NASCAR, despite Saturday's crash, will go racing today at Daytona International Speedway, weather permitting, More than two dozen people were injured at Daytona International Speedway Saturday afternoon in the wake of a multicar accident.
“We met with NASCAR officials at 8 a.m. and worked late into evening and are prepared to go racing today,” Daytona International Speedway president Joie Chitwood III said Sunday morning.
The accident, which happened on the final lap of the NASCAR Nationwide Series DRIVE4COPD 300, sent wreckage past a safety fence and into the grandstand.
Chitwood reiterated that 14 people were taken from the raceway by ambulance, and 14 were treated at the track. Local hospital officials confirmed 19 people in all were treated from Saturday’s crash.
Seven people remain hospitalized on Sunday at Halifax Health Medical Center in Daytona Beach, said hospital spokesman Byron Cogdell. All the patients were in stable condition.
The hospital treated a total of 12 people at the main trauma center in Daytona Beach, while six people were treated at the Halifax Health urgent care center in Port Orange, Cogdell said.
Speedway officials said 14 people were transported to local hospitals, but track president Joie Chitwood said there were a number of fans that weren’t transported but went to the hospital on their own, which would account for the higher number from the hospital.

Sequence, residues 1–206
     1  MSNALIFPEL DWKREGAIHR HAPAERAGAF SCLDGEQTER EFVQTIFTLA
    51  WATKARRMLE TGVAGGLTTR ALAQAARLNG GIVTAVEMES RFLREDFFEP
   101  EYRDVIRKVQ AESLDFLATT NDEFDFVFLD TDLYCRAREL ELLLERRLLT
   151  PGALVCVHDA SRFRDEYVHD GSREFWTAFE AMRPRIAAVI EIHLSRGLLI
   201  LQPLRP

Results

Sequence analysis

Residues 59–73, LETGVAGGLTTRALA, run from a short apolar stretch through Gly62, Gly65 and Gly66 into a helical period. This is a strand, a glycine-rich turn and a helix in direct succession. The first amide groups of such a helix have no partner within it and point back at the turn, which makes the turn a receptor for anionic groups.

Some fans also were treated for illnesses unrelated to the crash, such as being overcome by the heat, and not related to the accident.
Chitwood said that the track’s guest services department helped all of those fans released to get re-connected with their family and friends, and in some cases, provided transportation back to Orlando.
Any fans involved in the incident who have tickets to Sunday’s Daytona 500 will be accommodated should they want to move to another location, Chitwood said.
The incident happened on the last lap, when Kyle Larson's car broke apart and Others spun out of control.
Larson's engine caught fire and ended up in front of fans along a crossover gate in the front stretch. The car tore through the catch fence designed to protect fans, hurling debris as high as 45 rows up, where it hit a spectator. Other car parts also flew into the stands.